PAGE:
Foreigners on the Gringoes website complain of being ripped off – try catching a taxi in India then and asking the driver to use the meter. It won’t happen. They complain of the ‘culture’ in Brazil not being like back home. They complain about how they can’t complain without being ignored.

I have even seen foreigners on the forums talking about how Brazilian music is just not as good as it is back at home. Are they kidding? Have you been out in São Paulo recently? It is packed with live gigs going on every night of the week. I admit, seeing the big international rock acts is expensive, but there is a thriving art, music, and culture scene in Brazil.

And then, when Brazilians respond with a list of all the great things about Brazil it just so often seems to be full of clichés… is feijoada really one of the reasons why people choose to live in Brazil?

The reality is that you can’t define a place with a single broad stroke. There is no Brazil this or that in the same way that living in Louisiana is very different to California or New York. Living far from home is affected firstly by the place you have chosen to be and the people you are with.

For example, if you are used to life in central New York or London then life on a beach up in the rural north east of Brazil might seem idyllic when you first arrive. The sun, the beach, the endless opportunity to live next to the barbecue. After a while though you might start wondering when you are going to next visit the cinema, a theatre, see a rock concert, or meet a friend who has read the books of Anthony Burgess. Living an idyllic life by the beach can have downsides too.

And the people are important. Moving anywhere can be improved by having a partner from that country, but people are people. I’ve met many Brazilian people from São Paulo who don’t even know how to get around their own city. In my short time here I’ve learned more about the public transport infrastructure and different neighbourhoods than they have in a lifetime. And I’ve also seen locals setting up home with their foreign partners in completely inappropriate locations – as I already mentioned.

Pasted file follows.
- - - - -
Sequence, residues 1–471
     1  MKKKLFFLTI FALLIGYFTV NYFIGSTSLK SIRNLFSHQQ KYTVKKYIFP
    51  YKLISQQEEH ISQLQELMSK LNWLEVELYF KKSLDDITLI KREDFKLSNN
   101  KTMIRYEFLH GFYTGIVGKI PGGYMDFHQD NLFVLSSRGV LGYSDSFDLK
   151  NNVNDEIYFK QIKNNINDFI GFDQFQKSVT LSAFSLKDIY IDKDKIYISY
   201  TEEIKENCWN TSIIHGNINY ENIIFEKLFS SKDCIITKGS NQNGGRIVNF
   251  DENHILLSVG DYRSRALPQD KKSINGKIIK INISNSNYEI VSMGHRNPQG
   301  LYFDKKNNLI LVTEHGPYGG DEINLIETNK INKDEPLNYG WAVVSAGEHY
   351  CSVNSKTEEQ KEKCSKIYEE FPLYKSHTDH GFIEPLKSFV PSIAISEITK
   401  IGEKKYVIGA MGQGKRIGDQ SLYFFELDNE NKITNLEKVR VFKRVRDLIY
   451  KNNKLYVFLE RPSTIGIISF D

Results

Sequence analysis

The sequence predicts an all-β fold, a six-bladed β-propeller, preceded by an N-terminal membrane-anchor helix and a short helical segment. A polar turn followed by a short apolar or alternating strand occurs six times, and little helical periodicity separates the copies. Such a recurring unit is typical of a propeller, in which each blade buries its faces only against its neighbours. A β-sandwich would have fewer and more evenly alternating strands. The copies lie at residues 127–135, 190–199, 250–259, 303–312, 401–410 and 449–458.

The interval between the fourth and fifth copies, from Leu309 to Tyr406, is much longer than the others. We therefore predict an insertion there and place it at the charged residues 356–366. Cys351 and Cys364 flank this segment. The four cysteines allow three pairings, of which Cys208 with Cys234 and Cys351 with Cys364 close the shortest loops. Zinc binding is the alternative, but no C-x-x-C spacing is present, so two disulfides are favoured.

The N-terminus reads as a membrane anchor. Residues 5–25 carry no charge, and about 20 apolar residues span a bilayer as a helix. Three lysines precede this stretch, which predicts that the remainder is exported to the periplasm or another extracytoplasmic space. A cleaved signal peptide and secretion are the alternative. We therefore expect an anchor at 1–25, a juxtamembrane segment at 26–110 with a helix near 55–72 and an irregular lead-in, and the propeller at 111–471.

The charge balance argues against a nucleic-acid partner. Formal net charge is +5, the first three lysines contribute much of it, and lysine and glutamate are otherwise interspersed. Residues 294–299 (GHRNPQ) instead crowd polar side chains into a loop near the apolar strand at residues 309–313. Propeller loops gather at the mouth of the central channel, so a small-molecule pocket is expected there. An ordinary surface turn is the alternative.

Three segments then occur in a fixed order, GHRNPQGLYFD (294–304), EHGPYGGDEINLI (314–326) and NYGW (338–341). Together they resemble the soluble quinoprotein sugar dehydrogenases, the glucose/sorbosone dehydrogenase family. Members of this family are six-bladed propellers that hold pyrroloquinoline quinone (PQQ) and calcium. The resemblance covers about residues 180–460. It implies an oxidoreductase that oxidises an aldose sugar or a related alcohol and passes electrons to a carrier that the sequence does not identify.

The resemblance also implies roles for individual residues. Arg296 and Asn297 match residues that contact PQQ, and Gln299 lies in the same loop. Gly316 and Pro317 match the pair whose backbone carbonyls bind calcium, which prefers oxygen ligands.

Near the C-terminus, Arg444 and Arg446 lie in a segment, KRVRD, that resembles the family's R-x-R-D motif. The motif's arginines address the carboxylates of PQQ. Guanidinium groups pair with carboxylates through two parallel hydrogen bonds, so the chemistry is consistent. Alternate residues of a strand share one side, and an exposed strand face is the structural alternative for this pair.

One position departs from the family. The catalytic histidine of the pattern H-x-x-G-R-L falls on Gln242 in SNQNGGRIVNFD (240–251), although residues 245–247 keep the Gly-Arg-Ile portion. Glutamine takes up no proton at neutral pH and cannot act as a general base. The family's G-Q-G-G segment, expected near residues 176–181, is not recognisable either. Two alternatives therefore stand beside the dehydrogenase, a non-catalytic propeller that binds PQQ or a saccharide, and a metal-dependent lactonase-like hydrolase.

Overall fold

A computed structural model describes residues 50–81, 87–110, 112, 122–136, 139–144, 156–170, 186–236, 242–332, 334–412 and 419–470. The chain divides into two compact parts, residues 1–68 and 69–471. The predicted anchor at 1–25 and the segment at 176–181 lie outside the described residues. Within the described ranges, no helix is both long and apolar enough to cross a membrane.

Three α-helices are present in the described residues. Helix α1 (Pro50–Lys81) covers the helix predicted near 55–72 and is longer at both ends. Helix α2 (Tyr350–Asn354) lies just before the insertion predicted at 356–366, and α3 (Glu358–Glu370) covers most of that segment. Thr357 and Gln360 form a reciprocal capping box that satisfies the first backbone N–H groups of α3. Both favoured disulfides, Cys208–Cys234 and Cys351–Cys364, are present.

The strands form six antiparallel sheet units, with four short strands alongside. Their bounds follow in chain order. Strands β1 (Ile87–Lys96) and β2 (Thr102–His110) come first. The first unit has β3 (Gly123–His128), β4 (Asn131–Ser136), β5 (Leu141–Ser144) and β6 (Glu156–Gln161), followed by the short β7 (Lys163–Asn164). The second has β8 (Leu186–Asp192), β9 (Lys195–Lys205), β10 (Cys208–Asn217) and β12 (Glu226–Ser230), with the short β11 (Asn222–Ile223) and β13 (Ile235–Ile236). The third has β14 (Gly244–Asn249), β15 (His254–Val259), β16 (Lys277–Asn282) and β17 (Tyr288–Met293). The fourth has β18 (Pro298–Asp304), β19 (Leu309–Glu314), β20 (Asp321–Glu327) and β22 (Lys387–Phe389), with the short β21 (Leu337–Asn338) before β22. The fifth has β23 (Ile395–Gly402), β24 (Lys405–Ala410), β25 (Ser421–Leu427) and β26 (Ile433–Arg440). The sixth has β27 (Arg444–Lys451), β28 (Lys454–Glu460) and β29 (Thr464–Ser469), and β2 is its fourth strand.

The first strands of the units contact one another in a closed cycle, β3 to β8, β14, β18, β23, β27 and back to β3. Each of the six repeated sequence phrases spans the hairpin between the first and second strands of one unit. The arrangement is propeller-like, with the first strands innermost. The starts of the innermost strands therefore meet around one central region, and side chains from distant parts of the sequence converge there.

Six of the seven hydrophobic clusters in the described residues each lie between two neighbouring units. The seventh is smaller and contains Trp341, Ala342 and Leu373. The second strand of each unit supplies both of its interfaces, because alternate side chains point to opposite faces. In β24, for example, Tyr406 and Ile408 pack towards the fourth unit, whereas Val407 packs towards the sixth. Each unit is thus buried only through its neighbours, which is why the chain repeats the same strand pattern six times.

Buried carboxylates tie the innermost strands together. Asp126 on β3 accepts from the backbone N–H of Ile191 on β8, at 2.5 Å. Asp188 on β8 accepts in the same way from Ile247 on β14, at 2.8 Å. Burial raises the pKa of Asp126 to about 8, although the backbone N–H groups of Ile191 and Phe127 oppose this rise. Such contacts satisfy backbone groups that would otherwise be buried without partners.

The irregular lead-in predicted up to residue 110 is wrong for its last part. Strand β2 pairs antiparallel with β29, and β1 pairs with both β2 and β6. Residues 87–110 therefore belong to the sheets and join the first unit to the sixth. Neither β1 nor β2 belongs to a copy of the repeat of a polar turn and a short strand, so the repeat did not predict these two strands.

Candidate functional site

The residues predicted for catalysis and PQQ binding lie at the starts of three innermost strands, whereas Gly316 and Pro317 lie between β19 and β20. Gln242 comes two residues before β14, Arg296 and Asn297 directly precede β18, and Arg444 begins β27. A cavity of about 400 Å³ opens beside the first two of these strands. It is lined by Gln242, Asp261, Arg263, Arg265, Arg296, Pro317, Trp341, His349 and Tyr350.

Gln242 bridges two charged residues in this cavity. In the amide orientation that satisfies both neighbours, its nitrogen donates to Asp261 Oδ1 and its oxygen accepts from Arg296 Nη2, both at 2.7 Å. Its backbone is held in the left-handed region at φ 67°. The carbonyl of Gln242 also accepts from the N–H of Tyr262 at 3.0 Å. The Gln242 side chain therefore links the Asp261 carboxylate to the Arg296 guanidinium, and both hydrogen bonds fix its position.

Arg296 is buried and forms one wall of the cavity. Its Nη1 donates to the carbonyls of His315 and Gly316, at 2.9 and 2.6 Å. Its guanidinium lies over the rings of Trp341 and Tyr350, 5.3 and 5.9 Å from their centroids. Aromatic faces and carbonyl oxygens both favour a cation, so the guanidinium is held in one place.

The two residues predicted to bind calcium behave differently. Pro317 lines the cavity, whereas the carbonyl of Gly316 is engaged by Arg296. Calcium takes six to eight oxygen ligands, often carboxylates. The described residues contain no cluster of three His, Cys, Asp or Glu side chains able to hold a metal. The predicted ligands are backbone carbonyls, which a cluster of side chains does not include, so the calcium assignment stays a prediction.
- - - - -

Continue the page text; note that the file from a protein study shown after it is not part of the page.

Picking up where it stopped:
I’m not suggesting that a foreigner moving to São Paulo has to live in a ghetto of foreigners. It actually annoys me when I meet ex-pats living in the city and they all gravitate to Jardins, Moema, or Brooklin. They are not really the most interesting parts of the city at all, but are considered ‘safe’ so foreigner-ghettos are created and then the cycle is reinforced – these are good places for foreigners to live because others are already there.

So the type of place, the location, the people you are with – these are all factors in creating your personal experience. The cultural complaints I read on Gringoes are all influenced by this – we are all in different places with different people so we cannot just assume the same about Brazil. The Brazil one person experiences can be entirely different to that experienced by another.

When I see the complaints about foreigners being treated differently, getting ripped off, I remember when I was living in São Paulo and every shop owner in my street would wave and say hello as I walked my dog down the street. I had a set of spare house keys in my local bar, in case I ever lost my keys. The taxi drivers at my local cab rank all said hello and were happy to do short or long runs at short notice. I never found any of the negativity I can see expressed on the discussion forums.

I was never burgled or mugged or witnessed any crime during my time in São Paulo, despite the statistics painting an image of the city as one step away from Gomorrah.

Now I live in a smaller town this has only become more accentuated. The paranoid may fear that standing out as the only English person in town might lead to being targeted by burglars or worse, but what have I found? Just a sincere welcome everywhere I go from the barber to the bakery to the bar to the local government – who are all excited about having a real English person help them with some music and culture related to the UK.

In fact, what have I found out about Brazil in short?